When deciding to have breast augmentation or reconstruction with Dr. John Kim at Northwestern Medical Group there are two positions where the implant can be placed that can accommodate your unique anatomy, lifestyle, cosmetic preferences, and implant type1. Implants can be placed over the pectoralis muscle (prepectoral) or beneath the muscle (subpectoral) as seen in Figure 1. Placement of the implant over the pectoralis muscle would mirror the normal anatomic position of the breast 2. In figure 1 the anatomy of the breast is represented on the left. The middle figure shows the pre pectoral arrangement, where from posterior to anterior there is the bone, pectoralis muscle, prosthetic breast tissue then skin. The picture on the right depicts the subpectoral arrangement; from posterior to anterior: bone, breast tissue, pectoralis muscle, and skin. The pectoralis muscle is a thick fan-shaped muscle, superior to the serratus anterior muscle (deep to the lower regions of breast tissue) that separates the breast from the ribs 3. Breast tissue is complex and made up of fat, connective tissue, lobes, lobules, ducts, blood vessels, nerves, and lymph nodes 3. For useful information about plastic surgery recommended by Dr. John Kim click here.
Prepectoral placement has some cosmetic issues that may require reoperation, but it avoids other undesirable outcomes. The prepectoral position of the implant can prevent issues such as breast implant animation defect, movement of the breast resulting from arm movement due to the contraction of the pectoralis muscle4. Since the implant is located over the muscle, any movement involving contraction of the pectoralis muscle will not affect the appearance of the implant. For women who are active, it is important to ask your plastic surgeon how the surgery may affect your ability to stay active. The prepectoral placement is desired when the patient would also like a breast lift with their augmentation or reconstruction 4. If the prepectoral tissues are sparse the contour of the implant can risk visibility in the upper pole of the breast and capsular contracture2,5. In a study of 200 patients who underwent subpectoral (n=100) or prepectoral (n=100) breast augmentations, the researchers found that the type of implant used would have an effect on the patients cosmetic result depending on where it was placed5. When textured saline versus silicone implants were used in the subglandular position rippling was seen5.
When the implant is placed below the pectoralis muscle there are some advantages. Deeper implant placement can help to camouflage any implant deformities as well as preventing bottoming out. Bottoming out is seen when the implant sits too low causing the nipple areola complex to tip upward and the inframammary crease to sit lower1,4. Subpectoral placement is recommended for very thin bodies, because the muscle will better conceal the edges or rippling of the implant4. The subpectoral placement may offer a better cosmetic result, although there are also some disadvantages that may require reoperation. To place the implant below the pectoralis muscle involves the partial detachment of the pectoralis muscle 1. This partial detachment can result in muscular deficit and postoperative pain1. In this placement there is also the risk of implant animation, malposition and asymmetry5.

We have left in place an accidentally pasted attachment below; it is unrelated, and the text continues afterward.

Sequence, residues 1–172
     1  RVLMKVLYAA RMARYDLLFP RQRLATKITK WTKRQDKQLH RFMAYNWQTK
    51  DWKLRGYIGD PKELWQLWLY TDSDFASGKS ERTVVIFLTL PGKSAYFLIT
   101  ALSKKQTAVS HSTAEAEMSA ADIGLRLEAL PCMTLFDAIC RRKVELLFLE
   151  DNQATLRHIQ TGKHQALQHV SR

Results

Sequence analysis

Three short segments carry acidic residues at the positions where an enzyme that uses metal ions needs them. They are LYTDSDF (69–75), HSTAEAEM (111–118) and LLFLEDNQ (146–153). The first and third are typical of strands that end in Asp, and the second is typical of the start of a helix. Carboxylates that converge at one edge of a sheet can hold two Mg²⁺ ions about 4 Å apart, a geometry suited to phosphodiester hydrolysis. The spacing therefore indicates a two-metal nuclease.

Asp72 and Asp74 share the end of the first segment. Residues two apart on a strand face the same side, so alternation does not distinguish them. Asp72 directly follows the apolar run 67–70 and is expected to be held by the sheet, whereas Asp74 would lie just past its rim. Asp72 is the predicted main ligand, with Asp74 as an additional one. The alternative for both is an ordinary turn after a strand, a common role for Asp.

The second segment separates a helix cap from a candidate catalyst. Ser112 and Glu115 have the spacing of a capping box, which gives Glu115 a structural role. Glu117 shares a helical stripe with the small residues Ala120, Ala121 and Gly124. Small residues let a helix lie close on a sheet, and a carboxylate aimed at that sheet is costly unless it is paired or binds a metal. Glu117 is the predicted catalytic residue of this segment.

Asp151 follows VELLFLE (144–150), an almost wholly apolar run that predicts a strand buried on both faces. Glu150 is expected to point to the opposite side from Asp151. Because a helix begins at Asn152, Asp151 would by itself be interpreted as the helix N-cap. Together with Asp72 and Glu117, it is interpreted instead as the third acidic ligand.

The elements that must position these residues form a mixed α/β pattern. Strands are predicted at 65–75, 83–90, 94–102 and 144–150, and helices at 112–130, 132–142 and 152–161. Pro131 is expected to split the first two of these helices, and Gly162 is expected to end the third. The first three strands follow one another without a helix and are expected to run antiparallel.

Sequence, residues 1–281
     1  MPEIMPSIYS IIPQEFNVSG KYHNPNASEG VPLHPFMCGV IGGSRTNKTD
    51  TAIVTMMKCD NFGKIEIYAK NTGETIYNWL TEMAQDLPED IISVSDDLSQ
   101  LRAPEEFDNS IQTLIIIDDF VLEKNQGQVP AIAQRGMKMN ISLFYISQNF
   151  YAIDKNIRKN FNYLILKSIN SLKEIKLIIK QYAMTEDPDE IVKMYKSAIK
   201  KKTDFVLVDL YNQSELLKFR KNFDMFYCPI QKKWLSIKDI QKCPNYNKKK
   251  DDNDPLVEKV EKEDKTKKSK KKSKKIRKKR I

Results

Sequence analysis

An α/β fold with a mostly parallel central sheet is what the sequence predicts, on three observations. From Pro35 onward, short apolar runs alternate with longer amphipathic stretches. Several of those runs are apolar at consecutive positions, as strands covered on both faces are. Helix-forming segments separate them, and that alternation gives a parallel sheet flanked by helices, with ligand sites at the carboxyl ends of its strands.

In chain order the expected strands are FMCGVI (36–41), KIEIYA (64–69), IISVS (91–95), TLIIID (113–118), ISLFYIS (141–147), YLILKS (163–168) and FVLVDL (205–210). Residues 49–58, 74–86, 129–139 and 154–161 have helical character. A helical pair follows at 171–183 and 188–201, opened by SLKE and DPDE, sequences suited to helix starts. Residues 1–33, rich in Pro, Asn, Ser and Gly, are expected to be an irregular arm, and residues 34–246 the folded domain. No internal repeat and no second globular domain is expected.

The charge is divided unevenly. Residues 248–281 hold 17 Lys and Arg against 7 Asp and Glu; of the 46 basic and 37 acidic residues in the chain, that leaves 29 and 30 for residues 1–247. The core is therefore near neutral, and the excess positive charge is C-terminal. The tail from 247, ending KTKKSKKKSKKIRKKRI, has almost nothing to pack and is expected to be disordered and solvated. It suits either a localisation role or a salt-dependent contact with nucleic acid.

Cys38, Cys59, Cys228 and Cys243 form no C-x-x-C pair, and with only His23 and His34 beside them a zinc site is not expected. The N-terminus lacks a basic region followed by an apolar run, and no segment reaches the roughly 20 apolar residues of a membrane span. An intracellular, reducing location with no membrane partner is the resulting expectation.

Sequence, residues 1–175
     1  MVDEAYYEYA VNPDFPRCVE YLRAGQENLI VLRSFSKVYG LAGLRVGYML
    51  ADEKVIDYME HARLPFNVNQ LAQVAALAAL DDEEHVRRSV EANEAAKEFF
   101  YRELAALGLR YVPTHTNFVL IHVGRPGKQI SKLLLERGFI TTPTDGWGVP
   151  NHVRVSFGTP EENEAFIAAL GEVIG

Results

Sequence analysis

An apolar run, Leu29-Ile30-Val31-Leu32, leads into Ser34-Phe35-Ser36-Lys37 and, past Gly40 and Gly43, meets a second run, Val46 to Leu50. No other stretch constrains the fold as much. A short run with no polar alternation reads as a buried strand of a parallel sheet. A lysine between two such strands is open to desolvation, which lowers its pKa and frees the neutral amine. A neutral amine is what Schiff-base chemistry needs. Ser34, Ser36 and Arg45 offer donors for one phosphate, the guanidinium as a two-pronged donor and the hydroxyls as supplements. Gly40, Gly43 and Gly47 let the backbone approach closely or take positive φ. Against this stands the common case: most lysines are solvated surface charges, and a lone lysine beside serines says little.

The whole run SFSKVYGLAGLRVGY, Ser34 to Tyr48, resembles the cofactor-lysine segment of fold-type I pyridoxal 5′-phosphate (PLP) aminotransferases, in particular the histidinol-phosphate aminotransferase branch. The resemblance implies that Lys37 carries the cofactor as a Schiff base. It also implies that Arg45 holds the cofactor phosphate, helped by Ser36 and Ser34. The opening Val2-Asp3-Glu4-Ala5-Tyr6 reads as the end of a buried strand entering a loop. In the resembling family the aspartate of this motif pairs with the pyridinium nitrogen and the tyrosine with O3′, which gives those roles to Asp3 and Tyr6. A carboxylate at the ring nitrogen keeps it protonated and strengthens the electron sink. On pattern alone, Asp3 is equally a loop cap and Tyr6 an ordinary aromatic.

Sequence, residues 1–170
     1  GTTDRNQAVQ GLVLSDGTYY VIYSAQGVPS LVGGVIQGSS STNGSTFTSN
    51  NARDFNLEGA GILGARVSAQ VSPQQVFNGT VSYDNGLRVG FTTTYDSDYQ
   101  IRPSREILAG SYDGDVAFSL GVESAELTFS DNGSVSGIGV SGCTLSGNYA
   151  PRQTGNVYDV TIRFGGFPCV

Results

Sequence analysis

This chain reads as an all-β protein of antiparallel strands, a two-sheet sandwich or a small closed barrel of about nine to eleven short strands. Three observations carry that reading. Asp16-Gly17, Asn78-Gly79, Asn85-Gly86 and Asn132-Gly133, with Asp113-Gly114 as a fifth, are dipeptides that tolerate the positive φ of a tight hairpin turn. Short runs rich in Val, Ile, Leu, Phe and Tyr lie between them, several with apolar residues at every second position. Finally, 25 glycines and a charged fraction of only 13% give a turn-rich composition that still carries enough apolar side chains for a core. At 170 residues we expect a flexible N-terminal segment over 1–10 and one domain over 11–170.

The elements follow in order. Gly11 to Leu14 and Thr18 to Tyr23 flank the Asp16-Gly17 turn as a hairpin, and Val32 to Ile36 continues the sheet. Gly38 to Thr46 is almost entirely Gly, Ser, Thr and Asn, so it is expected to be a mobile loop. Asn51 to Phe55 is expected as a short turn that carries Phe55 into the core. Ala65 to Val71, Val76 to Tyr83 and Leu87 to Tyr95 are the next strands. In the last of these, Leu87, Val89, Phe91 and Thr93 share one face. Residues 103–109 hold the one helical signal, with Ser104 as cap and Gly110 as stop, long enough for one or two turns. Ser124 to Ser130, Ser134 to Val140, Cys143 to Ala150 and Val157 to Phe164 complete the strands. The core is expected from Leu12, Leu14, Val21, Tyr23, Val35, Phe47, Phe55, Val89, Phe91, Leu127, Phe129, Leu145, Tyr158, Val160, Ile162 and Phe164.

To counteract these possible problems Reitsamer and colleagues have developed another method to overcome the issue utilizing a prepectoral placement of the implant supported with ADM. The ADM completely covers the implant including ADM coverage in the upper pole1. This allows the surgeon to overcome the possible complications associated with the subpectoral implant placement and the potential poor cosmetic result associated with prepectoral placement1. This new technique may have a permanent place in the repertoire of plastic surgeons as soon as long term testing has been completed.
The problem of implant placement is not one size fits all, and many things must be considered. When you decide to have a procedure done talk with your doctor to decide which placement will offer the best cosmetic result with the least number of complications. To see one of Dr. Kim’s publications on breast reconstruction or breast augmentation outcomes click here.
1.Reitsamer, R., & Peintinger, F. (2015). Prepectoral implant placement and complete coverage with porcine acellular dermal matrix: a new technique for direct-to-implant breast reconstruction after nipple-sparing mastectomy. Journal of Plastic, Reconstructive & Aesthetic Surgery, 68(2), 162-167.
2. Bricout, N. (1996). Pre-or retropectoral placement of the implant. In Breast surgery (pp. 205-209). Springer Paris.
3. Gray, Henry. Anatomy of the Human Body. Philadelphia: Lea & Febiger, 1918; Bartleby.com, 2000. bartleby.com/107/.
4. Madsen Jr RJ, Chim J, Ang B, Fisher O, Hansen J. Variance in the origin of the pectoralis major muscle: implications for implant-based breast reconstruction. Ann Plast Surg 2013 Sep 18.
5. Strasser, E. J. (2006). Results of subglandular versus subpectoral augmentation over time: one surgeon’s observations. Aesthetic Surgery Journal, 26(1), 45-50.
6. Mazumdar, M.D., M.D. “Breast Anatomy, Breast Cancer and Treatment.” Breast Cancer Treatment. N.p., n.d. Web. 09 Jan. 2017.